WASHINGTON, DC - MARCH 28: Kristaps Porzingis #6 and Deni Avdija #9 of the Washington Wizards acknowledge one another against the Boston Celtics during the second half at Capital One Arena on March 28, 2023 in Washington, DC. NOTE TO USER: User expressly acknowledges and agrees that, by downloading and or using this photograph, User is consenting to the terms and conditions of the Getty Images License Agreement. (Photo by Patrick Smith/Getty Images)(Patrick Smith)

Recap: Shorthanded Wizards dominate Celtics 130-111 behind Porzingis' 32 points

Kristaps Porzingis and Deni Avdija took control of the steering wheel for the shorthanded Wizards on Tuesday night in D.C, leading their squad to a dominant 130-111 win over the Celtics.


Right from the jump, this game was full of up-and-down, high-octane basketball. Both teams were snapping the ball around, running in transition, launching threes, and getting to the rim. The sold-out Capital One Arena was fully engaged, and the energy was palpable.

The Celtics held a slight advantage in the opening minutes behind Jayson Tatum's hot start. He scored nine points in the first four minutes and looked virtually unstoppable. He was flashing every aspect of his game that makes him a candidate for the All-NBA First Team.

Despite Tatum's early impact, the Wizards stayed the course and generated offense at a nice clip. Porzingis was dynamic, scoring the ball from all three levels of the floor and contesting shots on defense. He converted the Wizards' first two field goals of the game and had that look in his eye -- it was about to be a big night.

With 4:07 left in the first quarter, Wizards rookie Johnny Davis confidently stepped into a three on the left wing and cashed it, punctuating a 13-2 run for the Wizards, which gave them a 23-15 lead. That was the play that swung the momentum. Once the Wizards took control of the game, they never let go of the rope. The Celtics would occasionally go on a quick mini-run, but every time the Celtics cracked the door open, the Wizards slammed it shut. Once the lead hit double digits in the second quarter, it would never dip back into single digits.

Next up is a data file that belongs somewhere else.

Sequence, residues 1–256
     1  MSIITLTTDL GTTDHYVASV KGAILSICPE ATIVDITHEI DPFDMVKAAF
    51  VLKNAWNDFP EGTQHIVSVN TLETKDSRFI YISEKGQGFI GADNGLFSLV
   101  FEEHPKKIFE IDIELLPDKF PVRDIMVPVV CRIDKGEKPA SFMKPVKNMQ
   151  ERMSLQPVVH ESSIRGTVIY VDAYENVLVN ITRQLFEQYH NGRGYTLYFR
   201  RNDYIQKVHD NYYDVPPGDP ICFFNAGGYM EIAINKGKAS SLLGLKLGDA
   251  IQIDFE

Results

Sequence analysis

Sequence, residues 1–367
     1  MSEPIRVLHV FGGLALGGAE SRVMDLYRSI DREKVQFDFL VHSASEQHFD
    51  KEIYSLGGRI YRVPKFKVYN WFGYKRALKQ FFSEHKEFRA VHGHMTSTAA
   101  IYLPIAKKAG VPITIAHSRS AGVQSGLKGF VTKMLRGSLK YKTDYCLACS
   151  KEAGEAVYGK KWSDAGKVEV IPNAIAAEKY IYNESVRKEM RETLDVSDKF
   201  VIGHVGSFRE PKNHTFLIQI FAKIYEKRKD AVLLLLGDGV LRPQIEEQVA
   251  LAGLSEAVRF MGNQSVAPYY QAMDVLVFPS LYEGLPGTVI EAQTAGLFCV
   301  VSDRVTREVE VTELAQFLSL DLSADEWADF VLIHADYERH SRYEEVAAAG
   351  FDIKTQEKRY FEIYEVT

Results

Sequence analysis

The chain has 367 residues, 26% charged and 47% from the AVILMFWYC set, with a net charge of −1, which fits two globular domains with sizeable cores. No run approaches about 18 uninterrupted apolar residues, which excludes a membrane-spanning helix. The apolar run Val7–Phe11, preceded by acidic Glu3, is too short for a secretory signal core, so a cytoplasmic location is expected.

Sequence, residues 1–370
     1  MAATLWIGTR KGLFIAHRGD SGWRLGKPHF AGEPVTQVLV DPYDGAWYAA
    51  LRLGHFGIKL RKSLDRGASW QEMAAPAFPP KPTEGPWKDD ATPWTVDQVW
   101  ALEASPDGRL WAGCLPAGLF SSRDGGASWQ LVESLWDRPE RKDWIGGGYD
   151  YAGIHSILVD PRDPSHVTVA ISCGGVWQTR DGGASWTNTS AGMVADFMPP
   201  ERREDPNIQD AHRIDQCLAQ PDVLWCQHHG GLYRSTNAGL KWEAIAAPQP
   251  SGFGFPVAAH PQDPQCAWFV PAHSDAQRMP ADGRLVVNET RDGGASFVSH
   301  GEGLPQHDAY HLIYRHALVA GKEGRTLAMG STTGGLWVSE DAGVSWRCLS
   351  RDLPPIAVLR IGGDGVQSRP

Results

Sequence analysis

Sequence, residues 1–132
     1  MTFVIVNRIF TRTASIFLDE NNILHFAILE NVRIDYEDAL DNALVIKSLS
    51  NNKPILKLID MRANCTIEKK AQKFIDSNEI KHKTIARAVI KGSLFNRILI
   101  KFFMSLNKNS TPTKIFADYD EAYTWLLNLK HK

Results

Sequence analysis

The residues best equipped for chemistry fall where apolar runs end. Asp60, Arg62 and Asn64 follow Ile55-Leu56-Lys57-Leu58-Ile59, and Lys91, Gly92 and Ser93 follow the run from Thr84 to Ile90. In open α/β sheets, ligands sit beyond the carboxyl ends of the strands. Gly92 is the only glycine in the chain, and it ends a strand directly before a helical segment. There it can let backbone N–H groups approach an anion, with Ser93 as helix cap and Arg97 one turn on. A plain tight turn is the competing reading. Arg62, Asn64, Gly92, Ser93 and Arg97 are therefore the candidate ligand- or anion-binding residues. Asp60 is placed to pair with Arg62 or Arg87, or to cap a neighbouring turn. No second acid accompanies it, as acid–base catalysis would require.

"Obviously, Tatum got going early," said Wizards head coach Wes Unseld Jr. "We tried to cool him off a bit... I was just proud of our resilience. They made their run. We knew at some point they were gonna amp up the physicality and try to put us back on our heels. We were able to respond, in kind, and keep them at bay."


This was one of Porzingis' most impressive games of the season. From the opening tip to the final horn, he was in utter and complete control on both ends of the floor. He was getting to his spots, punishing mismatches, knocking down seemingly every shot he took, and also being a deterrent around the rim on defense.

Porzingis finished the game with 32 points on 14-of-21 shooting from the field and 3-of-5 shooting from deep to go along with 13 boards, six assists, one block, and one steal.

Perhaps the most awe-inspiring aspect of his performance was his ability to read double teams, see the floor, and hit open guys with perfect passes. When he caught the ball in the mid-post -- where he likes to do most of his damage -- the Celtics were throwing everything but the kitchen sink at him, trying to throw him off his rhythm. Sometimes they would have Jaylen Brown on him. Or maybe Al Horford, or Marcus Smart. Sometimes they would double him immediately, and other times they would bring a delayed double team. None of it mattered. The game looked like it was moving in slow motion for Porzingis.

"A lot of those decisions, I just make instinctively," said Porzingis when asked about his decision-making in the mid-post. "But the main thing I look at is, 'Who is guarding me?' and from that, I can kind of read if they're gonna help more or less. If it's a stronger defender, it's gonna be less of a help... The first read I make is, "Who's the primary defender?' and then go from there."

Of course, the passing isn't nearly as effective without the scoring, and Porzingis is one of the best mid-post scorers on the planet. With just under four minutes left in the game, the Celtics had trimmed the lead down to 13 points and had an inkling of momentum. The Wizards gave the ball to Porzingis at the left elbow and let him go to work. He caught the ball, faced up, noticed the smaller Grant Williams was guarding him, and then used a series of jabs to create enough space to get his shot off. Catching nothing but net, he got the bucket and the foul. That swung all of the juice back in the direction of Washington and put the final nail in the coffin.


Porzingis wasn't the only Wizard to show up and show out. Avdija was a sensational running mate, wreaking havoc on defense and running in transition. He looked as confident as ever, scoring a career-high-tying 25 points on 10-of-16 shooting from the field to go along with 10 boards and five assists.

"I'm just not overthinking," said Avdija when asked what worked for him on Tuesday night. "I just try and make the right decisions. Try and be aggressive. And put in a lot of work. I guess I'm just not thinking -- just playing my game, making plays for others, and I have the ball and it felt great."

The third-year forward is enjoying a beautiful five-game stretch of basketball, where he's averaged 18.4 points on 63.8% shooting from the field and 47.6% shooting from deep to go along with 9.6 rebounds and 5.4 assists.

Other notable Wizards performers:

  • Monte Morris: 19 points and 9 assists
  • Corey Kispert: 15 points (3-6 3FG)
  • Kendrick Nunn: 12 points in 17 minutes
  • Johnny Davis: 7 points and 8 rebounds